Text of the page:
Risk-averse investors often feel that the pain of losses is about twice the joy experienced in similar-sized gains. This imbalance could lead investors to turn down an attractive gamble, such as buying stocks that could go up 20% or down 10%. As risk aversion grips many investors, they may stumble into poor asset allocation decisions, such as having too much exposure to bonds or cash.
Solution #1: Make Your Time Horizon Work for You
Now that we’re all tied up in knots with our asset allocation decision, let’s take a deep breath and see if we can find a way out.
One solution to this tricky situation is to consider your time horizon. If your financial plan extends for at least a decade, historical trends may give you greater comfort with your asset allocation review. Why is a decade important? Risky asset classes can lose money in the short term, but losses become rare over longer periods of about a decade. Even in the extreme case of going from 100% cash to 100% stocks right at the top of the dot-com bubble in 2000, stocks finally recovered from two recessions by 2011. In most cases, stocks recover from bear markets in just over four years and most investors avoid all or nothing decisions, such as moving completely in or out of equities. The bottom line here is, time is on your side, even for risky assets, and especially if you are looking at a decade or more.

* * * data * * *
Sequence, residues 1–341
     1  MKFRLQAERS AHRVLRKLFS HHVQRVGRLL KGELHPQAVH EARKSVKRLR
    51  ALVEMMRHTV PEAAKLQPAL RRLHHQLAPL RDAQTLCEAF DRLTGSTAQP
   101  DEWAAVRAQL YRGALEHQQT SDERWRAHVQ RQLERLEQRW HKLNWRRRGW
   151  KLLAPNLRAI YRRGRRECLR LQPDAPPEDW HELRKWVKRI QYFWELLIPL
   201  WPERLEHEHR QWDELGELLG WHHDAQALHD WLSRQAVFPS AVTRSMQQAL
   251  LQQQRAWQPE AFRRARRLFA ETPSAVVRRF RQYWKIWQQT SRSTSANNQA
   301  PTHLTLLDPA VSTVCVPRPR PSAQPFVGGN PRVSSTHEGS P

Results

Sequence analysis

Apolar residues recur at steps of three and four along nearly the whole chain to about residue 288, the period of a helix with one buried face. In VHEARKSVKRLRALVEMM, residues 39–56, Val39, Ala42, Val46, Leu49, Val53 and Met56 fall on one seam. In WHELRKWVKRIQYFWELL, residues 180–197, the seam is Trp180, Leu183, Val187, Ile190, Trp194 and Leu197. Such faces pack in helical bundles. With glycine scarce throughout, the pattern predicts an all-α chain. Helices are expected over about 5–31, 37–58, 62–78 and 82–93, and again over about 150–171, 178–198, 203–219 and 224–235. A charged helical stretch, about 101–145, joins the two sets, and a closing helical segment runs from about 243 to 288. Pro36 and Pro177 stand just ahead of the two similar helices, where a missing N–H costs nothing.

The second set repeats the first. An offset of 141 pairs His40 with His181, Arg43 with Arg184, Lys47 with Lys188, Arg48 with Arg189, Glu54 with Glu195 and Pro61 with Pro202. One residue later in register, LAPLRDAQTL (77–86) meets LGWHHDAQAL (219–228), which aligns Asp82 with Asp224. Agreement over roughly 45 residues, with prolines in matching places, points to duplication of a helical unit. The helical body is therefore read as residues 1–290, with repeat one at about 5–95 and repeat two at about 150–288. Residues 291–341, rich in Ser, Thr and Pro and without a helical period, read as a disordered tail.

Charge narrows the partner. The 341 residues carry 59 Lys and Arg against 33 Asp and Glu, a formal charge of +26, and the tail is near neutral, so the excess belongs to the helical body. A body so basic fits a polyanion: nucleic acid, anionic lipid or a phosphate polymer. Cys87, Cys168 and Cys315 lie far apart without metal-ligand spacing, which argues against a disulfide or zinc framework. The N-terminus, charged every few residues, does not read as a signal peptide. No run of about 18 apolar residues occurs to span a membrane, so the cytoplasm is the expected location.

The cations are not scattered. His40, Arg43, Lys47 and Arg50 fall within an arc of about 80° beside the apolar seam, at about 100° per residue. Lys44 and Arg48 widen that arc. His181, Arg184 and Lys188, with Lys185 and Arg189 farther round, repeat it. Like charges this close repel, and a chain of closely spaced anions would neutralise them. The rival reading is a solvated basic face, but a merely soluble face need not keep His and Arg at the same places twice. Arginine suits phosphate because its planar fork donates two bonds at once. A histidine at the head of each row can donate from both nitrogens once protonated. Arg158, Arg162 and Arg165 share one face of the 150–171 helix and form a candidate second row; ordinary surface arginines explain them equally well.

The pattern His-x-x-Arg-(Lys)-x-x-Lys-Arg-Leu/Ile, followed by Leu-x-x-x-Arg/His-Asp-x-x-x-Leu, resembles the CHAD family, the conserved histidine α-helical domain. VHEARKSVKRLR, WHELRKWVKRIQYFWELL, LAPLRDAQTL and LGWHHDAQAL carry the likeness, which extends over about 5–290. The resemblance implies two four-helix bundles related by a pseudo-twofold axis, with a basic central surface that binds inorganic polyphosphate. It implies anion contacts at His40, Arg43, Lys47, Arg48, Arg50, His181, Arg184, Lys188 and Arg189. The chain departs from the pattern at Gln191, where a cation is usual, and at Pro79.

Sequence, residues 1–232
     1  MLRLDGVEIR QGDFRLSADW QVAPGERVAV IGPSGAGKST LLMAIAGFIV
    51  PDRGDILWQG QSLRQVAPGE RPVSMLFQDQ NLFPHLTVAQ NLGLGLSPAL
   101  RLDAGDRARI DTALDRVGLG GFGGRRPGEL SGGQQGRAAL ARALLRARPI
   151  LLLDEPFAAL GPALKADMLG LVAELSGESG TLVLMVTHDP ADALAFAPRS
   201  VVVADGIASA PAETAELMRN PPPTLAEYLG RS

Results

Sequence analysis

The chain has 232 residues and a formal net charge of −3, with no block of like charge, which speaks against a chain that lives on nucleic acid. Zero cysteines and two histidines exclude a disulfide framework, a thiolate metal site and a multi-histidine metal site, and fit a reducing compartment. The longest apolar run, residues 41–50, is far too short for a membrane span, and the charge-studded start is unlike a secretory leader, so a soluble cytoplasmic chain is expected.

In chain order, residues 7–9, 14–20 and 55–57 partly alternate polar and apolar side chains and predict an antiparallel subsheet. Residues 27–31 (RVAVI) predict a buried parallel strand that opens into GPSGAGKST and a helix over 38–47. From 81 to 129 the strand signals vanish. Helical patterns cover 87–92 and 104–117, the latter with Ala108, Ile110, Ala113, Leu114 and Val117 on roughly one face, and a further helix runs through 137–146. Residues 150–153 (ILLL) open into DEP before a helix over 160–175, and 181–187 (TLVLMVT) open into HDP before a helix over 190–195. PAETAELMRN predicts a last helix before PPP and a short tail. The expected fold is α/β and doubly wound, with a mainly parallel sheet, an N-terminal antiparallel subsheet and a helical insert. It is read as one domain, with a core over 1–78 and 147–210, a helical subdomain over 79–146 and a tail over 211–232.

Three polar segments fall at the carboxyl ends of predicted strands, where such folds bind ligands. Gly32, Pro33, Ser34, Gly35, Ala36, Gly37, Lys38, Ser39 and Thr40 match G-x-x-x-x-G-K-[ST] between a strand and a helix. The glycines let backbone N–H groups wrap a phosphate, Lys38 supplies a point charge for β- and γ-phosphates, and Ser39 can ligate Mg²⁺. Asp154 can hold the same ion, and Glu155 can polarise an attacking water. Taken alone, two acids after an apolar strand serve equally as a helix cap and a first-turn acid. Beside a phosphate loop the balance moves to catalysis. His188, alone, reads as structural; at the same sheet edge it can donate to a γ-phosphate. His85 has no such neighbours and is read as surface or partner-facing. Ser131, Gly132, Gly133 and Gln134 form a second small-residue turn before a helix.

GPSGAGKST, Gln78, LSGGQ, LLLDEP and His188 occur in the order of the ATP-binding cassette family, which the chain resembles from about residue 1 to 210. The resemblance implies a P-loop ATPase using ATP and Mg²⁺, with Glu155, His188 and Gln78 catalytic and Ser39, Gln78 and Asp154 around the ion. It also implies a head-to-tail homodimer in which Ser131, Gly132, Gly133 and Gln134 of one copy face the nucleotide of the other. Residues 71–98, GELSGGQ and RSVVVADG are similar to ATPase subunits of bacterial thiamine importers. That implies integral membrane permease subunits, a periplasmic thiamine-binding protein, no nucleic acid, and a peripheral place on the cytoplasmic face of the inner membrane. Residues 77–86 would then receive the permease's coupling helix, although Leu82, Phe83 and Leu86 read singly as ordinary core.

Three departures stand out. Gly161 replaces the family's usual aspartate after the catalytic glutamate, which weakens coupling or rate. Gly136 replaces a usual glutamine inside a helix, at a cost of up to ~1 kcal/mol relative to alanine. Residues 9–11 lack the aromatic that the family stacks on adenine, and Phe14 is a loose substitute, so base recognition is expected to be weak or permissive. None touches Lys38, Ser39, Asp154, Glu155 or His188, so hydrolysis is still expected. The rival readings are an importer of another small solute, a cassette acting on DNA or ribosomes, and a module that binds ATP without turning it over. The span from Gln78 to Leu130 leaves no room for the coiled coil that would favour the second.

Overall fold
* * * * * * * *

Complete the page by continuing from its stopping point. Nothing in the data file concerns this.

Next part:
Solution #2: Break Free From Equity Risk Aversion
A longer time horizon can get us more comfortable with owning equities, but let’s go deeper to see if we can further reduce our aversion to equity-related risk. Investors often have a bias to remember recent events rather than all events, and the 34% drop in the S&P 500 in February and March 2020 is a vivid example of this recency bias. Fears of another sharp drop could lead investors to favor bonds, which might actually be more dangerous for long-term returns than equities.
Since 1928, the S&P 500 has generated total returns of about 11% per year, with a standard deviation of about 19%, according to Bloomberg. In plain English, stocks usually go up about 11% a year, but there are plenty of up 30% and down 10% years. Even if stocks only go up 5% per year in the future, it sure beats the heck out of zero or negative returns in government bonds.